interest in tone issues, and continues his global information gathering on labial-velar obstruents.

Michael Diercks

Michael Diercks is Associate Professor of Linguistics and Cognitive Science at Pomona College. His research focuses on the morphosyntax of East African languages. He is part of an ongoing project documenting four Luyia languages spoken in Western Kenya, and works on syntactic theory having to do with licensing of noun phrases, agreement, and the intersection of information structure and syntax.

Laura J Downing

Laura J. Downing is the Professor of African Languages at the University of Gothenburg, Sweden. Her research focuses on the phonology of African languages, in particular issues (theoretical and typological) related to tone and intonation, laryngeal contrasts and alternations, prosodic morphology, the phonology-syntax interface and the expression of focus. She has conducted fieldwork and data collection on a number of languages, most recently Chichewa, Somali, Tumbuka and Zulu.

James Essegbey

James Essegbey is Professor of African Languages and Linguistics at the University of Florida, Gainesville. His research interests include the description and documentation of endangered languages, particularly the Ghana-Togo Mountain (GTM-Kwa) languages, that are spoken in Ghana, Togo and Benin. He focuses on Nyangbo and Animere, both spoken in Ghana. Essegbey also investigates the syntax and semantics of verbs in the Gbe languages of West Africa which are said to lack meaning without a complement.

Katie Franich

Katie Franich is an Assistant Professor of Linguistics and Cognitive Science at The University of Delaware. Her research focuses on phonetics and phonology, drawing on experimental methods in speech acoustics, articulation, and perception to inform our understanding of language structure. Much of her work draws on data from Medʉmba, a Grassfields Bantu language spoken in Cameroon, on which she has been conducting fieldwork since 2010. She is currently focused on issues of timing in speech, and how various aspects of communicative timing (e.g. co-speech gesture and conversational turn-taking) vary across languages and cultures.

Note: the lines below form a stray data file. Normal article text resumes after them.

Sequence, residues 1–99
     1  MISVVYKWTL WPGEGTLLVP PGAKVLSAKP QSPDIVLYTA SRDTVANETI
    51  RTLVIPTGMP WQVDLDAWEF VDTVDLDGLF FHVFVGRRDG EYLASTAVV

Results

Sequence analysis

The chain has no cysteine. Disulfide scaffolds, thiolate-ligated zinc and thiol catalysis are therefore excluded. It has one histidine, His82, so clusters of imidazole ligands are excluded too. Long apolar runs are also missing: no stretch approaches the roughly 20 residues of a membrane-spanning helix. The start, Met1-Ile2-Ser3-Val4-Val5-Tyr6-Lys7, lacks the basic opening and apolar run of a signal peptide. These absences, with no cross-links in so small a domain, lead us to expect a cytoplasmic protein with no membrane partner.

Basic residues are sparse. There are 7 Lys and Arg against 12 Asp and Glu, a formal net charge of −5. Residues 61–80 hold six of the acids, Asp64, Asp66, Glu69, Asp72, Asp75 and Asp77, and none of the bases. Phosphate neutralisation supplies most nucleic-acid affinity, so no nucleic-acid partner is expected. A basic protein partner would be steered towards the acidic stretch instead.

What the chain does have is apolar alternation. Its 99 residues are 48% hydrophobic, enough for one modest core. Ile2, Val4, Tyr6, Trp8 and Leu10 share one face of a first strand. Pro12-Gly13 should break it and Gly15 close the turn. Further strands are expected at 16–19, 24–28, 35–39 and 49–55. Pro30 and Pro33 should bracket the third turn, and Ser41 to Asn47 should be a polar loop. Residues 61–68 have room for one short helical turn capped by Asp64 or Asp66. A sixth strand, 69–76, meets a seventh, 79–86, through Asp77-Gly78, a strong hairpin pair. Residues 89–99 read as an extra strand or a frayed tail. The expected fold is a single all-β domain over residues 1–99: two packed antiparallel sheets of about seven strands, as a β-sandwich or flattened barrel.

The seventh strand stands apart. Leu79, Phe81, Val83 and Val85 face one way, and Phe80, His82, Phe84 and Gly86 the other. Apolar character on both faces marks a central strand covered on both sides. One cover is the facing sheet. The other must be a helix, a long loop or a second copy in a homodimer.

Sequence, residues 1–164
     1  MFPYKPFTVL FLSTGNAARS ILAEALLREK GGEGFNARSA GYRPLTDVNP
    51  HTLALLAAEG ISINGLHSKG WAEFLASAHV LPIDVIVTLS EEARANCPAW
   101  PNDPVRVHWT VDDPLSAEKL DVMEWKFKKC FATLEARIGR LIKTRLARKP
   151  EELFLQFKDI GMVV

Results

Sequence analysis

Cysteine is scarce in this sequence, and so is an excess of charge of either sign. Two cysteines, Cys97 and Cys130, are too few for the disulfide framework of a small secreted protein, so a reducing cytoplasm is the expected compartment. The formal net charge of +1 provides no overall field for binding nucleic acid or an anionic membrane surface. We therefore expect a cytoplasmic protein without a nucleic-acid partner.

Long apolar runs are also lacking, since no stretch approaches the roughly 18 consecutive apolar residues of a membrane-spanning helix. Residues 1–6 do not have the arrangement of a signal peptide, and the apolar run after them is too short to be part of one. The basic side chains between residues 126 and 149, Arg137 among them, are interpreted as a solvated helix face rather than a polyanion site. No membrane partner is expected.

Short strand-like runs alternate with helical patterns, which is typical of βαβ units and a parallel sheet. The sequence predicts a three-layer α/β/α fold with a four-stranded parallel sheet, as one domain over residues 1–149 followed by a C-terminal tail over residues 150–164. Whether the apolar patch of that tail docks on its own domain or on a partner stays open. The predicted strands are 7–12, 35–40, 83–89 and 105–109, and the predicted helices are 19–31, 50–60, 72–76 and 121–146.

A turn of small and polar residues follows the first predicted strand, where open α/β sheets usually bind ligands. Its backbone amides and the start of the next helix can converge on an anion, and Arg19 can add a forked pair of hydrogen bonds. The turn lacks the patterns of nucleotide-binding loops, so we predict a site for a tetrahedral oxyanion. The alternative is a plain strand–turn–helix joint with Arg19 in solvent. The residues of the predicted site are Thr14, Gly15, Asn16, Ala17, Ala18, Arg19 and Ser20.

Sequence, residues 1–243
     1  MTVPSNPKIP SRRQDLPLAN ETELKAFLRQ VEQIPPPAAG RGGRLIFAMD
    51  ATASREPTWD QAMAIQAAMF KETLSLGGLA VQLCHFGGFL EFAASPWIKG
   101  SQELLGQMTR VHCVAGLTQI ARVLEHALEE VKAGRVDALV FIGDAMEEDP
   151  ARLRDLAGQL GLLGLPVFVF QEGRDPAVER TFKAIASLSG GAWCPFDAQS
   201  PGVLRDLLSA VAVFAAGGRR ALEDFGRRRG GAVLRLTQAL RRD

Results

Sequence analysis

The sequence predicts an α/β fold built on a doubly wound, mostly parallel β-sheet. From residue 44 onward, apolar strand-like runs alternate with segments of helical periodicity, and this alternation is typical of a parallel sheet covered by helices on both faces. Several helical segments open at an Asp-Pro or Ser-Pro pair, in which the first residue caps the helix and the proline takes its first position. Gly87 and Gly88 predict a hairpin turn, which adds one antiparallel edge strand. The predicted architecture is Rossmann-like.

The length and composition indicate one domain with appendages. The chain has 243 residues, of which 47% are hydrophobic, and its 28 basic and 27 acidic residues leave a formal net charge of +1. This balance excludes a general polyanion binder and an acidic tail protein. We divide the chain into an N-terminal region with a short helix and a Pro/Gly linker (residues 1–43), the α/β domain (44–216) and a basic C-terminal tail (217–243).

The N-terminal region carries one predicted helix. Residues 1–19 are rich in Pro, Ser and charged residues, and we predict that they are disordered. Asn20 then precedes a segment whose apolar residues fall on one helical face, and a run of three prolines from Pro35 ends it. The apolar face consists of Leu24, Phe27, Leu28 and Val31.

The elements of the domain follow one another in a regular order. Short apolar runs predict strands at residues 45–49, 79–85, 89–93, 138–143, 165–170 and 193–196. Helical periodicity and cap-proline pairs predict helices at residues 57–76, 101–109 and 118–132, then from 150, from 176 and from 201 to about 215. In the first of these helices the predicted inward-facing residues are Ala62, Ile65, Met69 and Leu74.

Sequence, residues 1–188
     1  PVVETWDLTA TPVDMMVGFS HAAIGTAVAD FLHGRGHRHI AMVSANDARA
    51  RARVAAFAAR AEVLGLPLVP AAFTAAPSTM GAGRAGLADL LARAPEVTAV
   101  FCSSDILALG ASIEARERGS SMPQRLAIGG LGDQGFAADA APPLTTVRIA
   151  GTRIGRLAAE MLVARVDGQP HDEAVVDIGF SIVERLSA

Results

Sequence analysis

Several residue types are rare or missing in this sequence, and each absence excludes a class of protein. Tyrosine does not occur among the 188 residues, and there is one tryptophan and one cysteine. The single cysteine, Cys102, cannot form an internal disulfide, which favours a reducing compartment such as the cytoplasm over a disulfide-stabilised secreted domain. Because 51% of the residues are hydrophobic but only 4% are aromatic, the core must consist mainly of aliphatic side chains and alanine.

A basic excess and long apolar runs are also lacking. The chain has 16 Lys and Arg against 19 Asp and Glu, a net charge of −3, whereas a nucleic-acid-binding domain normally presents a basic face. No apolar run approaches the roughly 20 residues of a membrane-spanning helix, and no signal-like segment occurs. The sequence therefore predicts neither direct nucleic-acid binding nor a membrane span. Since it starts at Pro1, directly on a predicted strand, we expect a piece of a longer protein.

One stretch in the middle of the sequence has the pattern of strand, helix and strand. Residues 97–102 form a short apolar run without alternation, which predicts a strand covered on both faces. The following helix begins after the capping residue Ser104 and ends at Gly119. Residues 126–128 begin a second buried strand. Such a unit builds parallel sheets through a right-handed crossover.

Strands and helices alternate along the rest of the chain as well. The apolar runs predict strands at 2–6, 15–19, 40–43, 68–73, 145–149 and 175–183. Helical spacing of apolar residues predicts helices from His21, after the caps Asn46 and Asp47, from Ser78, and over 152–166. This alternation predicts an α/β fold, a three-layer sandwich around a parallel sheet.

Laura McPherson

Laura McPherson is Associate Professor of Linguistics at Dartmouth College. Her research is driven by primary fieldwork and in-depth description of tonal languages, primarily in West Africa. She has written two reference grammars of African languages, A Grammar of Tommo So (2013) and A Grammar of Seenku (2020). From a theoretical perspective, her work focuses on diverse aspects of tone, including its phonetics, its phonological representation, its interfaces with morphology and syntax. She is currently conducting a cross-linguistic study of musical surrogate languages to document these endangered traditions and analyze their phonetic and phonological underpinnings.

Sharon Rose

Sharon Rose is Professor in the Linguistics Department at the University of California San Diego. Her research addresses the phonology of African languages, with a focus on Semitic languages of Ethiopia and Eritrea and Kordofanian languages of Sudan. Within Semitic, she has investigated long distance palatalization in the Gurage languages and Harari, the phonetics and phonology of ejectives, and consonant harmony. Her work on Moro, a Heiban language, has examined voicing dissimilation, tone and its relationship with affix order, and intonation. She is currently working on two other Heiban languages of Sudan, Tira and Rere.